-ignore_alpha
If your dataset contains four channels, but the forth channel is not alpha channel, you can use this option for ignore this channel.

For example:

maptiler -f png32 -ignore_alpha input_4bands.tif ...

Tile store format

-store dir|mbtiles|geopackage

This option enforces the form of storage which is used for saving the rendered tiles. Possible options are the directory (dir), the MBTiles (mbtiles) and the GeoPackage (geopackage). The default is the directory, but in case the -o parameter ends with .mbtiles or .gpkg then rendering into MBTiles or GeoPackage is selected, respectively. This option specify the store form explicitely.

Note: for more details on this subject read the section Output in the chapter Usage above.

-sparse
Skip the empty space between separate maps and don’t create empty tiles. This option can improve speed of rendering, if there are huge areas between maps. This is default option for -store dir.
-no_sparse
Fills the empty space between separate maps (if there is some) with empty tiles in background colour. This option can take longer to render and take more disk space, if there are huge areas between maps, as these have to be created. This is default option for -store mbtiles and -store geopackage.

Hybrid tile format

MapTiler allows rendering into a hybrid tile format, so that transparent tiles are using transparent format (such as PNG) and tiles without any transparency at all are saved into a different format (such as JPEG). For aerial photos overlays or other datasets this can mean significant saving of the storage. Generated files are without extensions. This is done to simplify the generated OpenLayers viewer.

Example of usage:

maptiler -f hybrid <opaque> <transparent> ...
maptiler -f hybrid jpg png8a ...

Tile quality

There are some options to specify parameters of the conversion into image formats, which can significantly reduce size of produced tiles by degrading the output.

-jpg_quality
The quality of JPEG compression. Number between 10 and 95. Default is 85.
-quant_quality
The quality of quantization. Number between 1 and 100. Default is 100.
-quant_speed

Higher speed levels disable expensive algorithms and reduce quantization precision. Speed 1 gives marginally better quality at significant CPU cost. Speed 10 has usually 5% lower quality, but is 8 times faster than speed 8. Default is 10.

If you experience issues with the visual quality of generated tiles with quantization involved try to set -quant_speed to lower values.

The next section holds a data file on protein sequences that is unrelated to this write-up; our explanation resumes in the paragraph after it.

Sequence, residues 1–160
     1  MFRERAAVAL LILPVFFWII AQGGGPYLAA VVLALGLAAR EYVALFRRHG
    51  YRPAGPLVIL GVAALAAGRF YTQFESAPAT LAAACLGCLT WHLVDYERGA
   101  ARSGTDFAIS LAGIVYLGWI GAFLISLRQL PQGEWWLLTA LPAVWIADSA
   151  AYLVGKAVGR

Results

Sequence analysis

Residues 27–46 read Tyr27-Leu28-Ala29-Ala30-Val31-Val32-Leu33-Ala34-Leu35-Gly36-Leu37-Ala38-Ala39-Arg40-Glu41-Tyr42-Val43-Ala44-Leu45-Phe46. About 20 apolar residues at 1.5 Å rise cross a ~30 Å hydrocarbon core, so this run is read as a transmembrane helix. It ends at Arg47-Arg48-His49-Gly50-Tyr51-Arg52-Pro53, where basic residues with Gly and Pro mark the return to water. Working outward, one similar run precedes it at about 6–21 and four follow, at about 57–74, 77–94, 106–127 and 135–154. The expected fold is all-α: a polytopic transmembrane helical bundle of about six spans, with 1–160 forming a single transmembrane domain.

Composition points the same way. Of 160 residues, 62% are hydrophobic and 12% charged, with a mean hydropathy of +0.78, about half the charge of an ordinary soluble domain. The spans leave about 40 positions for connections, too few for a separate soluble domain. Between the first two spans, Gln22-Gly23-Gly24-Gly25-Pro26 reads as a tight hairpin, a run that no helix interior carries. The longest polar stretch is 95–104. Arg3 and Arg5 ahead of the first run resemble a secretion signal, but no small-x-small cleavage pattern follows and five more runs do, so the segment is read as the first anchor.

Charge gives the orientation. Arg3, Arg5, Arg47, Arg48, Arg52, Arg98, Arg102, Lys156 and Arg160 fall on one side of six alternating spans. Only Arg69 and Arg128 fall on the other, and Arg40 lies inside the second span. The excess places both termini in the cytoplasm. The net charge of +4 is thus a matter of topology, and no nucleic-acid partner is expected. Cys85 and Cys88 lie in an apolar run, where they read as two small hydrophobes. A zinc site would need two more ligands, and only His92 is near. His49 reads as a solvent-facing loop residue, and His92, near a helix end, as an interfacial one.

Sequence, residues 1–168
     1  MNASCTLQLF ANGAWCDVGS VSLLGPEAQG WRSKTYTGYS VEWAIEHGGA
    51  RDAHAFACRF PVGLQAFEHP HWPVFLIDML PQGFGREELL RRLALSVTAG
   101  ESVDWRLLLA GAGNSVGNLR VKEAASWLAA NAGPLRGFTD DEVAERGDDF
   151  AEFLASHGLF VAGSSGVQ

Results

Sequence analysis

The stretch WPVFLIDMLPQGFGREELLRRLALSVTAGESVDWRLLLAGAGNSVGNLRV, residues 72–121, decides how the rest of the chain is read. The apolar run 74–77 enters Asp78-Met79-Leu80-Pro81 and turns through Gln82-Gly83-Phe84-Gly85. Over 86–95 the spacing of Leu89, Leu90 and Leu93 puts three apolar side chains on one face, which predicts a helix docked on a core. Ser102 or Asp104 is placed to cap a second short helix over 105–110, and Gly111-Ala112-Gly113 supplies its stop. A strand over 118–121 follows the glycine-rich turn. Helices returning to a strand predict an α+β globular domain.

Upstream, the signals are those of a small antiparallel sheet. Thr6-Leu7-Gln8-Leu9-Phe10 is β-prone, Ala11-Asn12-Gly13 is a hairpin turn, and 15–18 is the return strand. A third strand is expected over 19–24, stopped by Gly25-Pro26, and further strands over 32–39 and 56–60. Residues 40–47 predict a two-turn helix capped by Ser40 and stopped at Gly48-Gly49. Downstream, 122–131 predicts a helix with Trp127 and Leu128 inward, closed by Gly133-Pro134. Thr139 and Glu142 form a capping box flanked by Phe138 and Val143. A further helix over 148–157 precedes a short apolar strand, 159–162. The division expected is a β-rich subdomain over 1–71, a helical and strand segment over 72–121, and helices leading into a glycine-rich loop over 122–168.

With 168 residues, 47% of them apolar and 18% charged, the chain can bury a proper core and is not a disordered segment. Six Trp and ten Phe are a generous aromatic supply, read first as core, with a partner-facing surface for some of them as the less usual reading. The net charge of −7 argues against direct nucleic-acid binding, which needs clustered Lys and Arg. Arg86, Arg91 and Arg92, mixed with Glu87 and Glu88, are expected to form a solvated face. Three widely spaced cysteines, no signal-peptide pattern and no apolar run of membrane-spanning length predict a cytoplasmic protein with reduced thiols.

-webp_quality
The quality of WebP compression. Number between 1 and 100. Level 100 means lossless compression. Default is 75.
-webp_alpha_quality
The quality of WebP alpha channel compression. Number between 1 and 100. Level 100 means lossless compression. Default is 100.

Example of the rendering of a seamless map out of file map1.tif and map2.tif into tiles with internal palette with optimal colors with higher visual :

maptiler -o tiles -f png8a -quant_quality 90 -quant_speed 4 map1.tif map2.tif

Watermark

-watermark [image_file.png]
It is possible to place your own watermark over rendered tiles to protect the online maps. The file should be smaller then a size of tiles. It is placed on a random position and burned into tiles.

A nice watermark file can be easily generated online by calling the Google Chart API: http://chart.apis.google.com/chart?chst=d_text_outline&chld=FFFFFF|11|h|000000|b|%C2%A9%20ABC

By replacing ABC in the end of this url a custom text phrase can be specified. We recommend to set the transparency of such watermark file by using a Photoshop or similar tool before applying it with MapTiler.

Example of usage of the watermark:

maptiler -o tiles -watermark watermark_image.png map.tif

Advanced options

Options in the optfile

In case you have a large number of arguments to pass to maptiler, such as many input files (total amount is unlimited for maptiler), you can prepare a text file with all the arguments and call it with – optfile myarguments.txt. List of files can be easily created with ls or dir commands.

Any arguments normally passed on the command line could be part of the –optfile text file. Maptiler can combine arguments on the command line with arguments in the text file, such as:

maptiler -o output_directory --optfile myarguments.txt

Temporary directory location

During rendering, MapTiler also writes a substantial amount of data to a temporary directory. Not as much as will be in the output directory, but still. Please make sure there is enough space in the filesystem for it.

By default, the temporary directory will be created in the system default temporary location (/tmp/ on Unix-like systems, or path from the environment variable%TEMP% on Windows-like systems). You can override this with the option:

-work_dir [directory]
The location where to store temporary data during rendering. By default the system temporary directory.

Example:

maptiler -work_dir /tmp -o /mnt/data/tiles /mnt/maps/*.tif

Resampling methods

The visual quality of the output tiles is also defined by the resampling method. Selected method is used for interpolation of the values of individual pixels and it affects the sharpness vs smoothness of the produced maps.

-resampling near
Nearest neighbor resampling. Rarely makes sense for production data. Can be useful for quick testing, since it is much faster the the others.
-resampling bilinear
DEFAULT. Bilinear resampling (2x2 pixel kernel).
-resampling cubic
Cubic convolution approximation (4x4 pixel kernel).
-resampling cubic_spline
Cubic B-Spline Approximation (4x4 pixel kernel).
-resampling average
Average resampling, computes the average of all non-NODATA contributing pixels. (GDAL >= 1.10.0)
-resampling mode
Mode resampling, selects the value which appears most often of all the sampled points. (GDAL >= 1.10.0)

Resampling overviews produced by MapTiler are using average method, by default. Another possible method is Nearest neighbor.

-overviews_resampling near
Nearest neighbor overviews resampling. Mostly used for elevation maps or similar.
-overviews_resampling average
Average overviews resampling, computes the averate of all non-NODATA contributing pixels.